My initial spurt of “body”-fueled adrenaline disappeared quickly. After all, movies are totally make-believe. On a film set, nothing is really what it seems. I naturally assumed that this was more of the same. Leaning back against a workbench in the pipe shop, I shifted my weight to one foot as I attempted to ease the throbbing complaints of the recently reactivated bone spur on my other heel.
I had been whiling away the time by chatting with a garrulous old duffer named Woody Carroll. Woody was a retired Lake Union Drydock employee on tap that day to keep a watchful eye on the cast and crew of
Death in Drydock
. His job was to make sure we didn't do any damage to company property in the course of our Saturday shoot.
Woody told me that he had worked as a car
penter for Lake Union Drydock both before and after World War II. He had been there steadily from the time he got home from a Japanese POW camp in the Philippines until he retired in 1980. He was full of countless stories, and his tales had kept my mind off the bone spur for most of the day. Hiding out from a blazing sun, we had retreated into the gloomy shade of the pipe shop. Seattle was sweltering through an unusually hot, dry August. People who live in the Northwest aren't accustomed to heat.
“I don't know what to think of these young 'uns today,” Woody Carroll drawled, picking up his train of thought and resuming our conversation as though nothing had happened. He had been complaining bitterly about the quality of some of the younger employees around the drydock. “They'd rather buy and sell stuff to put up their noses than do an honest day's work. It just beats all.”
Outside I could see Cassie Young returning her radio to her pocket. Now, shading her eyes with one hand, she called up to Goldfarb where he remained enthroned on the boom.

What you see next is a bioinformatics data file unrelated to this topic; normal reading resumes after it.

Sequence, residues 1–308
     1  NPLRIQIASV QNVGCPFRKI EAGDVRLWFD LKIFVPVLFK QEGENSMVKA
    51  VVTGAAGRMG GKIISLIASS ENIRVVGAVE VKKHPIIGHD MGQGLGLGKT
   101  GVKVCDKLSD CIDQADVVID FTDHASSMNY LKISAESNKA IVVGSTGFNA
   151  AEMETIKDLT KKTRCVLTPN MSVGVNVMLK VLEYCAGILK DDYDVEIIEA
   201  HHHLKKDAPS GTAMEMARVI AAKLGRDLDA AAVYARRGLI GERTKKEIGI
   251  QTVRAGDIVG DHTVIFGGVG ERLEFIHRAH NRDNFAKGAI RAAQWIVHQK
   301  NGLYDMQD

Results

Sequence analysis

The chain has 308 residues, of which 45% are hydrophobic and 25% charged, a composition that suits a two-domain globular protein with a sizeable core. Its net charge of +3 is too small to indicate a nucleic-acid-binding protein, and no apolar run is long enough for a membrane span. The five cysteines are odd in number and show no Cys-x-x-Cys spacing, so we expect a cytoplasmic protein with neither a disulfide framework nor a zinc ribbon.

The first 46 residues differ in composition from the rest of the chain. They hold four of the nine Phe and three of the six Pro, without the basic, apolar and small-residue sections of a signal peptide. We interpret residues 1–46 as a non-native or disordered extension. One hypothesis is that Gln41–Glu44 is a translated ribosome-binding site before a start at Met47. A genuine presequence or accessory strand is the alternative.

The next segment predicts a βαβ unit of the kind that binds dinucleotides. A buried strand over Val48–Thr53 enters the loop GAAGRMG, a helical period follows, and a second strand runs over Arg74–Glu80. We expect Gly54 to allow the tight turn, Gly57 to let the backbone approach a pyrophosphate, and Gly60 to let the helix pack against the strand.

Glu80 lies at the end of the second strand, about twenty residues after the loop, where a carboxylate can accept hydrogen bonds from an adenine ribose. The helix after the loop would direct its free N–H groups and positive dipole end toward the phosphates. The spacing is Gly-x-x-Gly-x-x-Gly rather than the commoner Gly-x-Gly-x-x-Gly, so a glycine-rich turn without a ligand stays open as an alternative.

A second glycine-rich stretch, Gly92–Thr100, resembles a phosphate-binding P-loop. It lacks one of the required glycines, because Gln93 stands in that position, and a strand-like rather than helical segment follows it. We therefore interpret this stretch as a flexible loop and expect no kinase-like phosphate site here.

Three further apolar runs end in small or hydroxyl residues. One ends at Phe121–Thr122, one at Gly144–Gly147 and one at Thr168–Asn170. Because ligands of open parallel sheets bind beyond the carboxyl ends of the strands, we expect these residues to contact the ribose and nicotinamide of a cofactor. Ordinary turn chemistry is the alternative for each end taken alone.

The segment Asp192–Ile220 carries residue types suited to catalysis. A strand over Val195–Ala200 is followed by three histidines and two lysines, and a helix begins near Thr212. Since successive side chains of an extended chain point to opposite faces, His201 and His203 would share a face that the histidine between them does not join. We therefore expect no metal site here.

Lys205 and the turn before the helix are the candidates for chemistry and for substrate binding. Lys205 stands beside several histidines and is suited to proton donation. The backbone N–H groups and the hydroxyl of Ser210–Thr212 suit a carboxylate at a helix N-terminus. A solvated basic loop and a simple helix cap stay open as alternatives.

“The shop says they're still working on the body. It isn't ready yet.”
“Well, what the hell do you call that? It's right in the way of the next shot. Get it out of there, for God's sake! What do you think I pay you for? And where's Derrick's stuntman? I need him. Now!”
Goldfarb had pointed toward a spot in the
water near where steep wooden steps led up the wingwall of the drydock. They had been using the boom to shoot a fight scene on the narrow steps with the navy minesweeper
looming in the background. Two of the movie's name-brand stars, Derrick Parker and Hannah Boyer, still clung to two-by-four handrails some twenty feet above the solid planking of the pier.
As the entire crew jumped in response to Goldfarb's barked commands, Cassie Young carefully picked her way across a snarled tangle of electrical cords toward the place Goldfarb had indicated.
I didn't much like Cassie. She was a scrawny, red-haired, postadolescent who went in big for the spiked, new-wave look. She wore a thick layer of white pancake makeup. Her eyelashes dripped with heavy, black mascara. She could easily have been mistaken for a refugee from a school for mimes. Looking at her made me grateful she wasn't my daughter, although she and Kelly were probably much the same age.